The Latin word otium appears often in the writings of Augustine, and is significant in his spirituality and his perception of obedience to the call of Christ per agency of the Church.
This could be free time associated with a person’s withdrawing from civic affairs (as in “retirement”), the pejorative free time made available by the adoption of wanton idleness, or misspent leisure.
Any free time that aided a person’s better preparation for public duty was acceptable, and thought to be laudable.
But amongst these possible common usages of otium, Augustine distinguishes otium from its possible meaning of idleness, and uses the word to denote the free time to devote to a laudable purpose.
For example, he noted in his Confessions that, after accepting ordination to the priesthood, he successfully asked Valerius, who then was the bishop of Hippo, to grant him a period of otium (time free from assigned his pastoral duties) for intense Scriptural study.
He sought unburdened time in which he could intensely and uninterruptedly study the Scriptures so as to equip himself better for subsequent pastoral ministry by study.
For Augustine, therefore, otium typically described the unburdened time in which to study or to reflect. He saw otium as a positive phenomenon whereby a good purpose could be accomplished. It was not negatively “doing nothing,” or simply “wasting time.”
Similarly Augustine applied the word otium to monasticism. In his work De opere monachorum (On the Work of Monks) Augustine presents otium as the context of ascent accomplishment and the search for the Kingdom of God.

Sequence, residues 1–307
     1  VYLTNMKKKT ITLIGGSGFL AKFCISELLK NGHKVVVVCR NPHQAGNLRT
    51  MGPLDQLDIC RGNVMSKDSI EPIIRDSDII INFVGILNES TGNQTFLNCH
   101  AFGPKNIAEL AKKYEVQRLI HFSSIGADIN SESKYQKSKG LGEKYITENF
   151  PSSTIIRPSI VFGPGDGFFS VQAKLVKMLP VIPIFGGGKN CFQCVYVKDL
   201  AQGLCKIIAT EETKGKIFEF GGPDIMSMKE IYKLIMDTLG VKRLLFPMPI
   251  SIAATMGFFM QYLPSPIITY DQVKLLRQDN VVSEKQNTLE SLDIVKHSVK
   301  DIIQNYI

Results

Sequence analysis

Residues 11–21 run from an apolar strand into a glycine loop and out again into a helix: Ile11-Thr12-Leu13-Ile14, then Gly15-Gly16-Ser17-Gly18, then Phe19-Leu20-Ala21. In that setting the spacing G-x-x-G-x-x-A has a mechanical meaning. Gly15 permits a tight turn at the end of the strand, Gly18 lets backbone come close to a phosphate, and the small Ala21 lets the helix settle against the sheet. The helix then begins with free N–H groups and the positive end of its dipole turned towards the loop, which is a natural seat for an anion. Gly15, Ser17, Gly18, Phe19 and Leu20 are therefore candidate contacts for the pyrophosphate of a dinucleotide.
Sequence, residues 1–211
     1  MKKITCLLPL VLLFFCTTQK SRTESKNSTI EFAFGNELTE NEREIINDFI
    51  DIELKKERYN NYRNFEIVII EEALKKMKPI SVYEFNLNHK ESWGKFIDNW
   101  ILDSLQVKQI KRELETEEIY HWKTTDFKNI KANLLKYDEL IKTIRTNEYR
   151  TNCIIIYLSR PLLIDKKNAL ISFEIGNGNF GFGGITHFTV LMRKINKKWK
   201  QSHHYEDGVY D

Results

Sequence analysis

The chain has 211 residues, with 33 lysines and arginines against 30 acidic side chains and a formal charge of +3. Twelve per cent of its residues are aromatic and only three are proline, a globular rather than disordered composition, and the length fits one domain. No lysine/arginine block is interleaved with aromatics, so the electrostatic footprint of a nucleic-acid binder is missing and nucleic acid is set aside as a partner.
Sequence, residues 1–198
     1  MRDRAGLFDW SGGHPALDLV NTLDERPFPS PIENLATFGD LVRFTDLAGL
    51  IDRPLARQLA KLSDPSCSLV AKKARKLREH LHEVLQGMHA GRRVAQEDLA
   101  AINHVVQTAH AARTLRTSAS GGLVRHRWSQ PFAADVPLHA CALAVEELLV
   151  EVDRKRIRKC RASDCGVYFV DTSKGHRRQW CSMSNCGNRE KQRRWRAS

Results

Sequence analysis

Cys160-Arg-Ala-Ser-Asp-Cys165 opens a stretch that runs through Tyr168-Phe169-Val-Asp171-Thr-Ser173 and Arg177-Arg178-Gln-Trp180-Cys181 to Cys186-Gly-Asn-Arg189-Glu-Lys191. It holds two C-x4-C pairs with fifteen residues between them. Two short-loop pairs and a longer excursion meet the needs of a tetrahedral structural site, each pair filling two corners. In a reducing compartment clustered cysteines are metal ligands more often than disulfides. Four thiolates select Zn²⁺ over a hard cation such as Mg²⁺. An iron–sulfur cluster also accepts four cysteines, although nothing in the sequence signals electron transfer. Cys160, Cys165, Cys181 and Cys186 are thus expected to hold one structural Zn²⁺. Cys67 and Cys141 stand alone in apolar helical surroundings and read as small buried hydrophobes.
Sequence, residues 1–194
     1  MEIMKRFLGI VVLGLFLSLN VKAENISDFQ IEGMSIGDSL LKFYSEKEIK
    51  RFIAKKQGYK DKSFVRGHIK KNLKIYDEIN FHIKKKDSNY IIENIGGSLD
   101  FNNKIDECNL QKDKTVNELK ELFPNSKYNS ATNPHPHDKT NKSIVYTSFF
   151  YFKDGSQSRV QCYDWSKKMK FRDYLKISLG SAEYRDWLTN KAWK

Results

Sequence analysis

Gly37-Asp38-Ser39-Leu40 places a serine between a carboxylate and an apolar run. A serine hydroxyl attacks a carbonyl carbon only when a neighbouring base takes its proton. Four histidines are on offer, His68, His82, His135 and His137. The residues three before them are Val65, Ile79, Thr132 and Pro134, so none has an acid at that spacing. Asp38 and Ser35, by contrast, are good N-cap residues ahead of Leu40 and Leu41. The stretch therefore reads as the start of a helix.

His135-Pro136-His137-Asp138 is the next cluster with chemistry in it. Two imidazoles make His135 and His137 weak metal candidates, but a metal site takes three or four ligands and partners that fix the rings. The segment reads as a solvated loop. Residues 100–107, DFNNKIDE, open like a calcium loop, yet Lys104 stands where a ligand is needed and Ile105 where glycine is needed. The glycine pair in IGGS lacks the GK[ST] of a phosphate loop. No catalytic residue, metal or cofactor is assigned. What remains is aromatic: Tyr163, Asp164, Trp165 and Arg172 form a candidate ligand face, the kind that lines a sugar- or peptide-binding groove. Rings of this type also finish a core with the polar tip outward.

As Augustine himself did when called to the priesthood when personally he would have preferred a reflective Christian life within a lay community, Augustine held that the call to service by the church was a necessitas (necessity) to be heeded, even when it confronted a personal desire for contemplative and private otium.
He saw a degree of otium necessary so that a spiritual interiority could be nurtured into greater growth.
In his later writings, he called the monastic life otium sanctum (holy free time), i.e., a monk was freed from world obligations so that, by study of the Scriptures and by prayer, he could better serve the church in whichever manner was required of him.
Throughout Augustine’s life, he sought the otium to pursue the delight of knowledge, but the philosophical end-points at which otium aims changed with Augustine’s intellectual and theological development.